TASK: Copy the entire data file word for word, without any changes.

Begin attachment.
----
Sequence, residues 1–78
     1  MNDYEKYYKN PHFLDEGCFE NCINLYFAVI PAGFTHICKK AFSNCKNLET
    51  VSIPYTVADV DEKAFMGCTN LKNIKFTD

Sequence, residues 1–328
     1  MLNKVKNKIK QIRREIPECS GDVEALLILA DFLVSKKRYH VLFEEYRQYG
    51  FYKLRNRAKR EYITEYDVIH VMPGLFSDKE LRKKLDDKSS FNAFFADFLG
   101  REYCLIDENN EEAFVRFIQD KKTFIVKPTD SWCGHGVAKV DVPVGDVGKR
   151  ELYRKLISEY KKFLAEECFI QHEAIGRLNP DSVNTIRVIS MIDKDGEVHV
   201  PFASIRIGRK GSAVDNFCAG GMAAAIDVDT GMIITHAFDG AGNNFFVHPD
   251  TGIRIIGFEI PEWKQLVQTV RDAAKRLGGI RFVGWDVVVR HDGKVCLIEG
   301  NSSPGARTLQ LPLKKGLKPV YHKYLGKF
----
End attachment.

Sequence, residues 1–78
     1  MNDYEKYYKN PHFLDEGCFE NCINLYFAVI PAGFTHICKK AFSNCKNLET
    51  VSIPYTVADV DEKAFMGCTN LKNIKFTD

Sequence, residues 1–328
     1  MLNKVKNKIK QIRREIPECS GDVEALLILA DFLVSKKRYH VLFEEYRQYG
    51  FYKLRNRAKR EYITEYDVIH VMPGLFSDKE LRKKLDDKSS FNAFFADFLG
   101  REYCLIDENN EEAFVRFIQD KKTFIVKPTD SWCGHGVAKV DVPVGDVGKR
   151  ELYRKLISEY KKFLAEECFI QHEAIGRLNP DSVNTIRVIS MIDKDGEVHV
   201  PFASIRIGRK GSAVDNFCAG GMAAAIDVDT GMIITHAFDG AGNNFFVHPD
   251  TGIRIIGFEI PEWKQLVQTV RDAAKRLGGI RFVGWDVVVR HDGKVCLIEG
   301  NSSPGARTLQ LPLKKGLKPV YHKYLGKF